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💥 Should Christians go to War?

October 26, 2023

4 minute read

💥 Should Christians go to War?

Photo by Bing Hui Yau on Unsplash

What is the appropriate Christian response to the onset of conflict or war? Should we opt out of participation altogether, or fulfill our duty by defending our nation? This article serves as an introductory guide to help Christians navigate the complexities of wartime and determine the most ethical course of action.

God has given the civil magistrate "the sword" to punish wrongdoers. Consider what Paul says in Romans 13:4-7:

For the one in authority is God’s servant for your good. But if you do wrong, be afraid, for rulers do not bear the sword for no reason. They are God’s servants, agents of wrath to bring punishment on the wrongdoer. Therefore, it is necessary to submit to the authorities, not only because of possible punishment but also as a matter of conscience. This is also why you pay taxes, for the authorities are God’s servants, who give their full time to governing. Give to everyone what you owe them: If you owe taxes, pay taxes; if revenue, then revenue; if respect, then respect; if honour, then honour.

God has granted rulers the authority to enforce their laws through coercion, including measures such as capital punishment and engaging in warfare. Throughout history, this authority has been wielded for both righteous and unjust causes. When it comes to Christians participating in war, various perspectives exist:

  1. Pure pacifism advocates for complete nonviolence under any circumstance.

  2. Blind nationalism reflects an uncritical allegiance to one's country, believing it can do no wrong.

  3. Finally, the concept of a "just war" suggests that some conflicts may be morally justified under certain conditions.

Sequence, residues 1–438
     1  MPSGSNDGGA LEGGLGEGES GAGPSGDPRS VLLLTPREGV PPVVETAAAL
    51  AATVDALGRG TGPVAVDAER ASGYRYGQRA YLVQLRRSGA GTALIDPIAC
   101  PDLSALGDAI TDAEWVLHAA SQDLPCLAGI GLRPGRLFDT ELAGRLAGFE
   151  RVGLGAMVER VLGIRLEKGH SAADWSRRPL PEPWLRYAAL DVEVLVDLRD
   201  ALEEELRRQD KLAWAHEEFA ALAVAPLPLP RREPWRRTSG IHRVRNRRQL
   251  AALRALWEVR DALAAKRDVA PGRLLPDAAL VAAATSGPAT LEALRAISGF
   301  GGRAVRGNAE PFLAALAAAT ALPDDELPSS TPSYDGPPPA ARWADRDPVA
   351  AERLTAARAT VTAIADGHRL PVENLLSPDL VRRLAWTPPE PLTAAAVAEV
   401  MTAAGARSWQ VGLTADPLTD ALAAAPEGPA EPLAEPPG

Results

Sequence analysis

Pure Pacifism

This position holds the opinion that no Christian may ever take up arms in self-defence. This includes the defence of one's country, and of themselves. While they are correct in understanding that Christians are called to be pacifists in the sense that we love peace and pursue it, they fail to take into account that the Bible has said that we are permitted to defend ourselves and our families. Consider Exodus 22 and Luke 22:35-37:

If a thief is caught breaking in at night and is struck a fatal blow, the defender is not guilty of bloodshed.

— Exodus 22:2

Then Jesus asked them, “When I sent you without purse, bag or sandals, did you lack anything? “Nothing,” they answered. He said to them, “But now if you have a purse, take it, and also a bag; and if you don’t have a sword, sell your cloak and buy one. It is written: ‘And he was numbered with the transgressors’; and I tell you that this must be fulfilled in me. Yes, what is written about me is reaching its fulfilment.

— Luke 22:35-37

Blind Nationalism

This position holds the opinion that because God has bestowed the power of the sword on the state, that they must be obeyed at all times. In many ways, people that hold this position worship the state as in their eyes, they believe that it can do no wrong. This position fails to take into account that human nature is fundamentally corruptible, and that no system is perfect. We are also called to civil disobedience when our leaders inevitably start to follow a path of corruption or evil. See 1 Kings 18, Joshua 2, Exodus 1, 1 Samuel 14:45, Acts 4:19-20 and Acts 5:29.

I think civil disobedience might be better summed up in its own article, as there is a lot to unpack there.

The Just War

The concept of a just war falls between the extremes of pure pacifism and blind nationalism and has been endorsed by numerous Christian thinkers throughout history, including Augustine, Constantine, Thomas Aquinas, and John Calvin.

What distinguishes a just war? Essentially, it should be declared with solemnity, by a legitimate God fearing and righteous authority, as a last resort with a reasonable chance of success, and with careful restraint in the methods employed. Most importantly, the potential outcome should justify the costs incurred.

Christians are called to oppose wars driven by aggression, which stem from hatred and fear, emotions exploited by adversaries to divide us. A just war is defensive in nature, and it is honourable to defend one's borders against aggressors.

However, putting this principle into practice is challenging amidst the fog of war and the distortions of information and propaganda. It necessitates mournful prayer, fasting, and scriptural reflection to discern God's will. Christians must act with caution and strive to maintain moral integrity in all actions.

Last modified on March 12, 2024

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